Pope leads Catholics in first worldwide 'Holy Hour'
ope Francis led Roman Catholics on Sunday in the first worldwide "Holy Hour," in which participants prayed at the same time around the globe for those suffering from war, slave labor, human trafficking and the economic crisis.
The Vatican asked Catholics to join him between 5-6 p.m. Rome time (11.00 a.m.-12.00 p.m. ET) in what is known as a Eucharistic adoration - praying before a consecrated communion host.
They were asked to gather in cathedrals, neighborhood parishes and monasteries to pray for two general intentions penned by the pope, who prayed in St. Peter's Basilica....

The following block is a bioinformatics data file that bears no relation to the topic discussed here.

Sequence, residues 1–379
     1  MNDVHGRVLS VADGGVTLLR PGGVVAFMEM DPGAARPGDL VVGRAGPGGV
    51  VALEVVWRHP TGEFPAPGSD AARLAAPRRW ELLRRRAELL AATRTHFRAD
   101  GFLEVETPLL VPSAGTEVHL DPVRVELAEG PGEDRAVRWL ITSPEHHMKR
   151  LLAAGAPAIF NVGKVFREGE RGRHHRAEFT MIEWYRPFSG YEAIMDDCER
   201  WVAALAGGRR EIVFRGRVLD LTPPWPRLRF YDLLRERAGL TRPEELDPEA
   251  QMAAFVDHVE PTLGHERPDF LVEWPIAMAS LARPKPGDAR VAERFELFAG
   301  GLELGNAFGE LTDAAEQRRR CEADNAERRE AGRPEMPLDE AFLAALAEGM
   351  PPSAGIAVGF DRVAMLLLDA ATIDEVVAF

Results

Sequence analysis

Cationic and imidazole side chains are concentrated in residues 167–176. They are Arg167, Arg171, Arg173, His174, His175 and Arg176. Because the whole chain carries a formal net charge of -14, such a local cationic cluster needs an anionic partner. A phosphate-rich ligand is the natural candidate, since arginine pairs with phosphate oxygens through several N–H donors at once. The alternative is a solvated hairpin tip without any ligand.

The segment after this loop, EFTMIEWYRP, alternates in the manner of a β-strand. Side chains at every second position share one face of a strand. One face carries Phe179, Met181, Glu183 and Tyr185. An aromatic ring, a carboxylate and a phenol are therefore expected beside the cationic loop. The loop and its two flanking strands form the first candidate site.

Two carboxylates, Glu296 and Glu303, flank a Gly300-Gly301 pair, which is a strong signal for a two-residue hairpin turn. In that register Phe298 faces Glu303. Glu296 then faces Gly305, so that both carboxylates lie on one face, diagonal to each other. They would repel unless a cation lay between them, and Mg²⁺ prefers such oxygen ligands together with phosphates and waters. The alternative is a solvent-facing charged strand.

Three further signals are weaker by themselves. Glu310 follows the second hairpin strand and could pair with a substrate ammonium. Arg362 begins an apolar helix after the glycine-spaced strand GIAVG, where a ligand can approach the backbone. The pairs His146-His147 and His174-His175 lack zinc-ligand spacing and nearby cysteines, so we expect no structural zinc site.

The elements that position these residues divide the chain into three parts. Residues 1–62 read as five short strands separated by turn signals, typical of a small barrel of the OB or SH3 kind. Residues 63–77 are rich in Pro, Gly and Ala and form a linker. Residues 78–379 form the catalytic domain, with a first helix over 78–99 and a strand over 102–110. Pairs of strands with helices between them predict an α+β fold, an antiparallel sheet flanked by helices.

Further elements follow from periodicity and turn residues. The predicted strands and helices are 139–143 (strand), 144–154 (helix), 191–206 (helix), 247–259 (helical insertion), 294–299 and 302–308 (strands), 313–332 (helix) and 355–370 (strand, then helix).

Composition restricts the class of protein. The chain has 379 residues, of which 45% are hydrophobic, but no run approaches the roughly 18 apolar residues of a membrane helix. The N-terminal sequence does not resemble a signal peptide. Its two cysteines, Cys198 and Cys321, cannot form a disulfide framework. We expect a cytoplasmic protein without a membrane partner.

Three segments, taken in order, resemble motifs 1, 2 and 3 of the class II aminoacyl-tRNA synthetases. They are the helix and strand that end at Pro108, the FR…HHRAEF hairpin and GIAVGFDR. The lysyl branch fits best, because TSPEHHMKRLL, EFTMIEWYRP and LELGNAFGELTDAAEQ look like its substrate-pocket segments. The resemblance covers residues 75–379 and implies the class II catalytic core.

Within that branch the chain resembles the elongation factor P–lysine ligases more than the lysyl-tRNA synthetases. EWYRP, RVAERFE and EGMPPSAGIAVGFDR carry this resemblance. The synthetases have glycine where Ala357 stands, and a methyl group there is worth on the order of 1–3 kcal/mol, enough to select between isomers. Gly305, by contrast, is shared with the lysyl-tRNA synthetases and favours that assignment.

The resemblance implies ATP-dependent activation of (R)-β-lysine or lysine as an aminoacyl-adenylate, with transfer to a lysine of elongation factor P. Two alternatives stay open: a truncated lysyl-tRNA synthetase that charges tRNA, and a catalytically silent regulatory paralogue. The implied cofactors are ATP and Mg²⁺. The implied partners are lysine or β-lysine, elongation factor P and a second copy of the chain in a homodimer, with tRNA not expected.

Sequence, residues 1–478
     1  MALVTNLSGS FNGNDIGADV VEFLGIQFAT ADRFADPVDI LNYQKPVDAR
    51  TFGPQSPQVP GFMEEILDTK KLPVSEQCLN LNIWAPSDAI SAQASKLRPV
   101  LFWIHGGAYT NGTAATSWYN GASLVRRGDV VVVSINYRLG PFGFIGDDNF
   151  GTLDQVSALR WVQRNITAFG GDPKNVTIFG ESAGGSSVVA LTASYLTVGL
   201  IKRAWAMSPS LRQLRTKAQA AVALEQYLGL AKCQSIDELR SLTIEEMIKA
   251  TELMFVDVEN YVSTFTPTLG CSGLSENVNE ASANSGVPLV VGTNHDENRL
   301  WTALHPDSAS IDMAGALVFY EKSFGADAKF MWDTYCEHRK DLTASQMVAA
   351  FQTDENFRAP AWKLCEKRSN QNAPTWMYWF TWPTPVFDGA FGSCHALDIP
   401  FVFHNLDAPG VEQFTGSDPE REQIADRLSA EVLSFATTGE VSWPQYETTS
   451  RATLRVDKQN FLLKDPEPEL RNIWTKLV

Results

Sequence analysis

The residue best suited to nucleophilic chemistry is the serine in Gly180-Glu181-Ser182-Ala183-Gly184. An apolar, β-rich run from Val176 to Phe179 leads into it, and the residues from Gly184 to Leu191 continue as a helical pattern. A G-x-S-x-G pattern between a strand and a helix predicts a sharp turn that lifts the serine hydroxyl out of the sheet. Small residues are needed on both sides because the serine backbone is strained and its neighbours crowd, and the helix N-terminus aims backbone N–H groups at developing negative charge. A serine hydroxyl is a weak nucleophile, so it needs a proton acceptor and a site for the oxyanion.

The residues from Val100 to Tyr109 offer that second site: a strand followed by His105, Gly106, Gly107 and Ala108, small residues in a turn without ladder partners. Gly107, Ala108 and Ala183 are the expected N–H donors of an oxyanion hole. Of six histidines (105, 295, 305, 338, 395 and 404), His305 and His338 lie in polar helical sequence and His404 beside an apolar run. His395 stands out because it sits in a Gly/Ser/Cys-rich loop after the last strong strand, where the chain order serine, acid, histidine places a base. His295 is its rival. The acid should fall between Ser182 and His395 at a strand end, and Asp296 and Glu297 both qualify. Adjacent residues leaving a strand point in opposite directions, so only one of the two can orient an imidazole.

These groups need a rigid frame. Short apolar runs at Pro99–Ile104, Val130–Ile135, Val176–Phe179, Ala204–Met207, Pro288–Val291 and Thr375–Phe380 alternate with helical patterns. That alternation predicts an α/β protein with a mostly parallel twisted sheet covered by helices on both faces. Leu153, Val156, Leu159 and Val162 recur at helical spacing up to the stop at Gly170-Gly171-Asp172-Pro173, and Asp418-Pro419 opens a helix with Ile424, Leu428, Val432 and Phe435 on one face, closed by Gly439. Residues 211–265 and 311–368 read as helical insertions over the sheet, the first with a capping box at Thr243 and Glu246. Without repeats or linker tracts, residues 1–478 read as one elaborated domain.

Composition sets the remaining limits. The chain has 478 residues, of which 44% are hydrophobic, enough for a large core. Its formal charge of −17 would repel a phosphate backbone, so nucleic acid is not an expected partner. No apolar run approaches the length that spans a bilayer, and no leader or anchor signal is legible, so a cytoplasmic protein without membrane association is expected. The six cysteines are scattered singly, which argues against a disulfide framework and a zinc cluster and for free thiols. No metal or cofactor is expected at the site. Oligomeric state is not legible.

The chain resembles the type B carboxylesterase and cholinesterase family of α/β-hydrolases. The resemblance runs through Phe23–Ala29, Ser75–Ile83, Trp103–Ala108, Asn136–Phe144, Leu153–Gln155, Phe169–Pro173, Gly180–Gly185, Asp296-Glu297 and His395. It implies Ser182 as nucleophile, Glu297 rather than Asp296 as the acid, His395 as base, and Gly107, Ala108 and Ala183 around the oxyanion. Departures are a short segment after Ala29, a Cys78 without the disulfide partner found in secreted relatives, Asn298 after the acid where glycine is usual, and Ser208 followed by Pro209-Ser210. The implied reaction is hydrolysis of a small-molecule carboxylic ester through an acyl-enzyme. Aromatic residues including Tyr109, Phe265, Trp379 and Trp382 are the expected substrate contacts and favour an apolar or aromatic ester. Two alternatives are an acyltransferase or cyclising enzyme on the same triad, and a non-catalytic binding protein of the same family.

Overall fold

Gil Rugh wrote: Prayer is not an option available to every person on the earth. We sometimes have a national day of prayer or a world day of prayer, but we must keep in mind that God does not honor the prayers of everyone. Prayer is a family matter, a privilege given to those who can call God ‚ÄúFather.‚ÄĚ That does not mean that a person who can call God ‚ÄúFather,‚ÄĚ is better than someone else, leads a more exemplary life than someone else or has done more for the good of humanity than someone else. Prayer is based upon a family relationship with God.